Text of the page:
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Childcare Facilities
For a couple with young children, childcare is a cost of earning employment income, if both parents wish to work.
The tax relief introduced in the Finance Act 1999 did not seem to deal with this point successfully.
W e are approaching full employment. Future economic growth and prosperity may require an increasing number of women to join the commercial workforce. Where there are young children, childcare costs are a direct cost of earning employment income. Until the Finance Act 1999 this economic reality was not recognised in the form of any tax allowance against the employment income for childcare costs of earning that income. That was unjust, and not very sensible in a period in which it was hoped more women would join the commercial workforce.

The Finance Act 1999 attempted to address the issue. What it did was to provide an exemption from benefit in kind charges where an employer meets the cost of childcare services for an employee. The problem with this measure is twofold.

Firstly, it only removed a potential benefit in kind charge. It did not remove an income tax charge. A benefit in kind charge arises where the employer provides (either alone or together with other persons) the childcare facilities in question, and permits the employee to use them. If however the employer simply paid the employee’s childcare bills, that would be the subject matter of an income tax charge, for which no exemption is provided.

Secondly, the removal of the benefit in kind charge is dependent on the employer being wholly or partly responsible for the financing and the managing of the childcare service. In other words, the measure will rarely benefit anybody who is not using a creche which is actually in the workplace. In limited circumstances (e.g. where the employer goes into partnership with an external creche) it could apply also, but those circumstances will be few and far between.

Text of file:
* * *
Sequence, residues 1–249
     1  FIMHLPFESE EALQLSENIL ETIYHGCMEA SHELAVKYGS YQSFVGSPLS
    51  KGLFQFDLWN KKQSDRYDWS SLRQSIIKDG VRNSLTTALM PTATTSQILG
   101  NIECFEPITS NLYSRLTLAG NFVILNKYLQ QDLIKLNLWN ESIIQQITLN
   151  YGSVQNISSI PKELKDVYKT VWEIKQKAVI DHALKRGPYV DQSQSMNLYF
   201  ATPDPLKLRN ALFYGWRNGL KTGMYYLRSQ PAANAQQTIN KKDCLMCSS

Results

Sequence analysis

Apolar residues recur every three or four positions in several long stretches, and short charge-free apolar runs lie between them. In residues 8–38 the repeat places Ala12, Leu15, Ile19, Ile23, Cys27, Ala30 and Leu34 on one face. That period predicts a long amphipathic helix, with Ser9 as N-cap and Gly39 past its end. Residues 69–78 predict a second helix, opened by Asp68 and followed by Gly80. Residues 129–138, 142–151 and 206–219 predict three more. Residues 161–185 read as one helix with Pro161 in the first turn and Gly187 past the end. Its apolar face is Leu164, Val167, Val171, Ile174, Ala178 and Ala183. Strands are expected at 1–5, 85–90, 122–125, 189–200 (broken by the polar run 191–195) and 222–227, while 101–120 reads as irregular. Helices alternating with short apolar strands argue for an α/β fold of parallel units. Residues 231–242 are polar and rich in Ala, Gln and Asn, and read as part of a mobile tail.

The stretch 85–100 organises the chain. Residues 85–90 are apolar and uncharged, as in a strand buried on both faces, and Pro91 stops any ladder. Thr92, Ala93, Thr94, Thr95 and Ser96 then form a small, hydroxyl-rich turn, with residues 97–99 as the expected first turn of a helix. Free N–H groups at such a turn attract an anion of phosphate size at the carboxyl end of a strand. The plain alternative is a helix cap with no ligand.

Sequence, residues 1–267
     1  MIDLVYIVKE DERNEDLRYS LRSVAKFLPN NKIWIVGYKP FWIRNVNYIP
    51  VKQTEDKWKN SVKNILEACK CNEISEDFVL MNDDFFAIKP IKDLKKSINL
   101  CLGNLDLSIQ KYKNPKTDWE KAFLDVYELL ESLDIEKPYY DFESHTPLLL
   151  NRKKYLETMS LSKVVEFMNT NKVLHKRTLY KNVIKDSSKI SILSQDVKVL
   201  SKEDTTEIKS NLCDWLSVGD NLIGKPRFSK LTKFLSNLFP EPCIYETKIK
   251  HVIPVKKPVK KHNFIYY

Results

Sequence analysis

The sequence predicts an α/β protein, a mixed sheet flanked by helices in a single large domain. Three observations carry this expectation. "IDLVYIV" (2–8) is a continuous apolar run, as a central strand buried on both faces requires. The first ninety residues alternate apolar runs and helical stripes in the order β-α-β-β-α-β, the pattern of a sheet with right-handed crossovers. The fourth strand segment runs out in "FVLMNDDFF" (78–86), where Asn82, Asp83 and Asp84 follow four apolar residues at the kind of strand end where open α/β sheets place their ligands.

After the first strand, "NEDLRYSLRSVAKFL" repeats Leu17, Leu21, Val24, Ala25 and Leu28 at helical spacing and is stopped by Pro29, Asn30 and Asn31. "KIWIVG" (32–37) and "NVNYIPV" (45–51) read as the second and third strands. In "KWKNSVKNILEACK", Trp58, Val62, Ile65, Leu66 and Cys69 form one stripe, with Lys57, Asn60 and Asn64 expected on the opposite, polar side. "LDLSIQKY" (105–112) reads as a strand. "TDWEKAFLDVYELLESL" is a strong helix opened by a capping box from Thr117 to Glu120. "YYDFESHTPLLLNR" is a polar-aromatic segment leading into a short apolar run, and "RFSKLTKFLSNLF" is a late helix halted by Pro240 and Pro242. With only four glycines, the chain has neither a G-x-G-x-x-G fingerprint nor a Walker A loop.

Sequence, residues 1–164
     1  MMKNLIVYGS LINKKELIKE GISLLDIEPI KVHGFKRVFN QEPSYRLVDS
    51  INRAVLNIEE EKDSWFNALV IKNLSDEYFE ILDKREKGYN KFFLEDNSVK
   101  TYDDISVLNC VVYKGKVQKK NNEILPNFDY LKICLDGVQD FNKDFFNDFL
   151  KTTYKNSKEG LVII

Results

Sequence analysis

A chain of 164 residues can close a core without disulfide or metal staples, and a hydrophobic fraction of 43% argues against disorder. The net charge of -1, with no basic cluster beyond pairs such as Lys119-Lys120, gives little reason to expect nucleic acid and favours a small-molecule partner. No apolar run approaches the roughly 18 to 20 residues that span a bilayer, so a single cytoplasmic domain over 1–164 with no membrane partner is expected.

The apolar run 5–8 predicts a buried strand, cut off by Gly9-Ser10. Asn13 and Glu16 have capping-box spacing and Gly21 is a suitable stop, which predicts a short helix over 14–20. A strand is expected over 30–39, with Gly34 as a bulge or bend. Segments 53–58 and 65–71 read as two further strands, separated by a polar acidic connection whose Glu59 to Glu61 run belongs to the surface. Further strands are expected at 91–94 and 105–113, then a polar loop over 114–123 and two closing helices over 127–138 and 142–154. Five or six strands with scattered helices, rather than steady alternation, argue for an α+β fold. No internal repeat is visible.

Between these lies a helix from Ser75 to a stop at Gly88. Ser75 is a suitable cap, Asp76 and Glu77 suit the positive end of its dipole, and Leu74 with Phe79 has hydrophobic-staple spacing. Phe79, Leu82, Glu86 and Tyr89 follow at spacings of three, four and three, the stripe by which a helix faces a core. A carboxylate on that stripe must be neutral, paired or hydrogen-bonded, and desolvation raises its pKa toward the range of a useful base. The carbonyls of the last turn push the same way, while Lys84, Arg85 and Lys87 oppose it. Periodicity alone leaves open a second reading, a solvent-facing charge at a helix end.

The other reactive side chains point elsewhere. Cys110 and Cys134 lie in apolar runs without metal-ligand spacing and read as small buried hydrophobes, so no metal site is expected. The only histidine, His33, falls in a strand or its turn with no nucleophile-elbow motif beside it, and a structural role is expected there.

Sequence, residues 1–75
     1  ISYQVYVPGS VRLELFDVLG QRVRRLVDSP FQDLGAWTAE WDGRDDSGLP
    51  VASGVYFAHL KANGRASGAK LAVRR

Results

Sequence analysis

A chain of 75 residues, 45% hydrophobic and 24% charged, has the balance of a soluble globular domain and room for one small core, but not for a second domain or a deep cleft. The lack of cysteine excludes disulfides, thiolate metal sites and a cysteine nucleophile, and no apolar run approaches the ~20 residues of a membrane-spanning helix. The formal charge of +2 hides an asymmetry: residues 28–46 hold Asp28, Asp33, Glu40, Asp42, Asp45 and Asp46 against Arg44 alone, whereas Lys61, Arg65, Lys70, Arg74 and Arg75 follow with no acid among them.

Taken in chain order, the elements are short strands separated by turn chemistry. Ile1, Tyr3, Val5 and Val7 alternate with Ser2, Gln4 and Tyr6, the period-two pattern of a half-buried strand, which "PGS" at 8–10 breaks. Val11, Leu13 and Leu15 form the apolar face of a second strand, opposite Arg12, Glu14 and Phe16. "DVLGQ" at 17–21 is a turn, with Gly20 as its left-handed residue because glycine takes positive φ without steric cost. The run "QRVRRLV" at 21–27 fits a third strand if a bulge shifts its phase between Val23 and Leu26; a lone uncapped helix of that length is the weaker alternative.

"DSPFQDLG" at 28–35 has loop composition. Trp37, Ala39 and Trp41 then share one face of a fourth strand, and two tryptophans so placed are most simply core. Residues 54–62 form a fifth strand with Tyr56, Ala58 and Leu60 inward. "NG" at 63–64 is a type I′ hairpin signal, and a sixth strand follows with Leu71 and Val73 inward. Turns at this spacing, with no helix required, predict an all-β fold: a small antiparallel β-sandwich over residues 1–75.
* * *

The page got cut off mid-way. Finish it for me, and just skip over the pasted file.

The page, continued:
The broad picture that emerges is that an in-house creche provided by an employer free of charge will not lead to a tax bill on the employee. If however the employer meets the employee’s costs at an external creche a tax charge will arise.

It is not clear what public policy objective lies behind promotion of in-house creches at the expense of professional external creches. It is difficult not to suspect that the relief introduced in 1999 was more a gesture than a real attempt to address the problem. It has the appearances of action, while costing little, and achieving little. In the meantime the basic inequity of not providing a tax deduction for a real cost of earning employment income will remain for most workers with children. A major disincentive to couples to both earn a living will remain in place.

The problem is not confined to married couples. The injustice in tax treatment, an obstacle to taking up employment, applies equally to a widow or widower with young children, or to a single parent. It can also apply in the case of parents where one is seriously incapacitated, and the other can only go out to work by arranging for childcare. The problem equally exists where a couple are both engaged in a trade or business, rather than in employment. It arises in any circumstance where the reason why childcare has to be taken on is that it is a real necessity where the parents wish to earn income.

This argument, that tax relief should be available where childcare is a real cost of earning income, is a separate argument from one sometimes advanced, to the effect that the general body of taxpayers should bear the cost of childcare for all families, whether the childcare is freeing up a parent to work in employment or on their own behalf, or merely freeing them up to watch television. Clearly, the same arguments do not apply to the two situations.

It would seem inevitable that this area will have to be revisited in a future budget, possibly that in December 1999.

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